8. Dual-Polarization Radar Observations of Upward Lightning-Producing Storms

    NASA Astrophysics Data System (ADS)

    Lueck, R.; Helsdon, J. H.; Warner, T.

    2013-12-01

    The Upward Lightning Triggering Study (UPLIGHTS) seeks to determine how upward lightning, which originates from the tips of tall objects, is triggered by nearby flash activity. As a component of this study we analyze standard and dual-polarization weather radar data. The Correlation Coefficient (CC) in particular can be used to identify and quantify the melting layer associated with storms that produce upward lightning. It has been proposed that positive charge generation due to aggregate shedding at the melting layer results in a positive charge region just above the cloud base. This positive charge region may serve as a positive potential well favorable for negative leader propagation, which initiate upward positive leaders from tall objects. We characterize the horizontal coverage, thickness and height of the melting layer in addition to cloud base heights when upward lightning occurs to determine trends and possible threshold criteria relating to upward lightning production. Furthermore, we characterize storm type and morphology using relevant schemes as well as precipitation type using the Hydrometer Classification Algorithm (HCA) for upward lightning-producing storms. Ice-phase hydrometeors have been shown to be a significant factor in thunderstorm electrification. Only a small fraction of storms produce upward lightning, so null cases will be examined and compared as well.

  9. Detection Of Tornado Damage Tracks With EOS Data

    NASA Technical Reports Server (NTRS)

    Jedlovec, Gary J.; Nair, Udaysankar; Haines, Stephanie L.

    2005-01-01

    The damage surveys conducted by the NWS in the aftermath of a reported tornadic event are used to document the location of the tornado ground damage track (path length and width) and an estimation of the tornado intensity. This study explored the possibility of using near real-time medium and high-resolution satellite imagery from the NASA EOS satellites to provide additional information for the surveys. MODIS and ASTER data were used to study the damage tracks from three tornadic storms; the La Plata, Maryland storm of 28 April 2002 and the Carter-Butler Counties and Madison County Missouri storms of 24 April 2002. These storms varied in intensity (from F0-F4) and occurred over regions with different land use. It was found that, depending on the nature of land use, tornado damage tracks from intense storms (F2 or greater) may be evident in both ASTER and MODIS satellite imagery. In areas of dense vegetation the scar patterns show up very clearly, while in areas of grassland and regions with few trees, scar patterns are not at all obvious in the satellite imagery. The detection of previously unidentified segments of a damage track caused by the 24 April 2004 Madison County, Missouri tornado demonstrates the utility of satellite imagery for damage surveys. However, the capability to detect tornado tracks in satellite imagery appears to be as much dependent on the nature of the underlying surface and land use as on the severity of the tornadic storm. The imaging sensors on the NPOESS operational satellites to be launched in 2006 will continue the unique observing capabilities of the EOS instruments.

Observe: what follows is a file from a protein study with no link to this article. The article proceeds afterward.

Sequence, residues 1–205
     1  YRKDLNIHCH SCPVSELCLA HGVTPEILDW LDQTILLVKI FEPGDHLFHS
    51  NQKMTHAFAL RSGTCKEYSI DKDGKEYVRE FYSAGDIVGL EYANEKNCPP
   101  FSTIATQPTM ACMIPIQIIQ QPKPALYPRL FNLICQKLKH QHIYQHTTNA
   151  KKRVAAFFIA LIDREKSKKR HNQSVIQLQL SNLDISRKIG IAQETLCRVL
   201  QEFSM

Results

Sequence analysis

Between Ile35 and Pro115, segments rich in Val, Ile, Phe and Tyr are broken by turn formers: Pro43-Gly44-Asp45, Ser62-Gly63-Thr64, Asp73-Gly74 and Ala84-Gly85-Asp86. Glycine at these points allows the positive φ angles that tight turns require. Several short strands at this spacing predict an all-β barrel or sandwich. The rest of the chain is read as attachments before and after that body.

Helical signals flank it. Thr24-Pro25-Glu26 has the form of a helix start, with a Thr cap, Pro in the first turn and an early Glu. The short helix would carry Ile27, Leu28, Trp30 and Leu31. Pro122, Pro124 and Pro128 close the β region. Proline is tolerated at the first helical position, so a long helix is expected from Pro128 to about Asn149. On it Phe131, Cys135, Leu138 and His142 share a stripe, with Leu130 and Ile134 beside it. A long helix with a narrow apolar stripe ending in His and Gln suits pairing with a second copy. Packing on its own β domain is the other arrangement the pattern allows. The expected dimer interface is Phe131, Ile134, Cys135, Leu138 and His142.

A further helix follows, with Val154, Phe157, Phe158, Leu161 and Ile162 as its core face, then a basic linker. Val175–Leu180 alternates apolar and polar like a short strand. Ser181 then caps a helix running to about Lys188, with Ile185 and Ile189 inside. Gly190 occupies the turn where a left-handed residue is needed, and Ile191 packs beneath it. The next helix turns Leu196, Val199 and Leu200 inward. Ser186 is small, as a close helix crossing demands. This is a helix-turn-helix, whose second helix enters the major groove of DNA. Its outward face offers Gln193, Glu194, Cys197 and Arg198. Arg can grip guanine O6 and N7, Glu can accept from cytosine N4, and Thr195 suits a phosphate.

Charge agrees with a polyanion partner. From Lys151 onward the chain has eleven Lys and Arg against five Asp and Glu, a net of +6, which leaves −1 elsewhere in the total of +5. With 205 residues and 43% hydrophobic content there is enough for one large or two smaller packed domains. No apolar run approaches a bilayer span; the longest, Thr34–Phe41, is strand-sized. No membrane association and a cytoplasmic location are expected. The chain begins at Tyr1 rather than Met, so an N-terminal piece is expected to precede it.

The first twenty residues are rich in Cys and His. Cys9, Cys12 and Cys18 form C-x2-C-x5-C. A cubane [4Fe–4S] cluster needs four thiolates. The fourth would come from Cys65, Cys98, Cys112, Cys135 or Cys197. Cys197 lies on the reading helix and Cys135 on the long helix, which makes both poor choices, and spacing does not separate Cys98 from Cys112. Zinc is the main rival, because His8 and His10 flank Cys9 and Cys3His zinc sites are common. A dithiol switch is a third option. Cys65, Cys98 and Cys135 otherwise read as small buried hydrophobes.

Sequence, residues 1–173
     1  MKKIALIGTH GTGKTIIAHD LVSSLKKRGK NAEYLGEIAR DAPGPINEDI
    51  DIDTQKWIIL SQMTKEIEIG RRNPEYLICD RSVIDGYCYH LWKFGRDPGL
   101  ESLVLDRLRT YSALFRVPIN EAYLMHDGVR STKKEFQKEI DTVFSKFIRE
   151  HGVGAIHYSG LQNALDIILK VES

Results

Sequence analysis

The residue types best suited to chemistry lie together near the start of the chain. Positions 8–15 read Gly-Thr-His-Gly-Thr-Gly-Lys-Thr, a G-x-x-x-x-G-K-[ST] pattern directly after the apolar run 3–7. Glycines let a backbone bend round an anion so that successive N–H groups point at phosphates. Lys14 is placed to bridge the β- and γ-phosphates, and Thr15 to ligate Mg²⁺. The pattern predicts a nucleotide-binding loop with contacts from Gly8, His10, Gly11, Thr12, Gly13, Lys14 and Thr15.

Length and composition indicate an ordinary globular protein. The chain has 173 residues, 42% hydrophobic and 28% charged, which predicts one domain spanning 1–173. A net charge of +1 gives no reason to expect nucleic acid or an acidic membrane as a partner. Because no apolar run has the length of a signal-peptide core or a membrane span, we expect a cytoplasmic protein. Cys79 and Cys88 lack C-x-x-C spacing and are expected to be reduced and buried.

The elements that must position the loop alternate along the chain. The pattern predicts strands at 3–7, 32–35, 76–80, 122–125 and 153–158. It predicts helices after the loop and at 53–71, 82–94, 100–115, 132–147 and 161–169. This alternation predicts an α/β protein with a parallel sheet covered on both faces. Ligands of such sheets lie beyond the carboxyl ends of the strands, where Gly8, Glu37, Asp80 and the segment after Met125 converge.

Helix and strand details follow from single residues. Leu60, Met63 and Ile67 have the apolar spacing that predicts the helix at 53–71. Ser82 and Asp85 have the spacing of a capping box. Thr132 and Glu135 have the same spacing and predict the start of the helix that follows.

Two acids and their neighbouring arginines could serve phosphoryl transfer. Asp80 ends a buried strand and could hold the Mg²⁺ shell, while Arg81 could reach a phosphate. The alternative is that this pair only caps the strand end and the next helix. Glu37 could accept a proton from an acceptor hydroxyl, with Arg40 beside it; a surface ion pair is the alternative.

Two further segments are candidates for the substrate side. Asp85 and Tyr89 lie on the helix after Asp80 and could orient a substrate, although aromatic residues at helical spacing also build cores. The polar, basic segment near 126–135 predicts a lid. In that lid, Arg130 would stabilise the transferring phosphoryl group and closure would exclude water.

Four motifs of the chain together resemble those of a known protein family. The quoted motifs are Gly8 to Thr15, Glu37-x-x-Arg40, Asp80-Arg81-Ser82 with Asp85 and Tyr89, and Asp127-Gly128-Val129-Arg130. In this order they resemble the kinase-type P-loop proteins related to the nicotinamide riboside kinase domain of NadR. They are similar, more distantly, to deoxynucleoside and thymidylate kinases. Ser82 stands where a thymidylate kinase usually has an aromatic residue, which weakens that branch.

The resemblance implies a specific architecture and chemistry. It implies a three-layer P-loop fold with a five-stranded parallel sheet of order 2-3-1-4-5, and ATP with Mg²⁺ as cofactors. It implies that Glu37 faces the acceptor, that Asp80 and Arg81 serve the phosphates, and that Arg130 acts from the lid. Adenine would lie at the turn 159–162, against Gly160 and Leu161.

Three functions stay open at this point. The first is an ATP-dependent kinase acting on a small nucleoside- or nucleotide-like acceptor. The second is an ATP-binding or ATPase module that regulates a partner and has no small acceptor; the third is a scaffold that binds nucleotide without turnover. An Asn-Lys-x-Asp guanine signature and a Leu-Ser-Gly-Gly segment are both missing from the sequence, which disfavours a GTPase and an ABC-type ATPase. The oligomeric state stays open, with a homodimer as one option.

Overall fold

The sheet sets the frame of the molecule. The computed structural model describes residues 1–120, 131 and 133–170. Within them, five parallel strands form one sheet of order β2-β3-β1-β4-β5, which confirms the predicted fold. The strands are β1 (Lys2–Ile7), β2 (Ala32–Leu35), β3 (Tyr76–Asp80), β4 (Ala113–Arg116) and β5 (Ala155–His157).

10. The use of weather radars to estimate hail damage to automobiles: an exploratory study in Switzerland

    NASA Astrophysics Data System (ADS)

    Hohl, Roman; Schiesser, Hans-Heinrich; Knepper, Ingeborg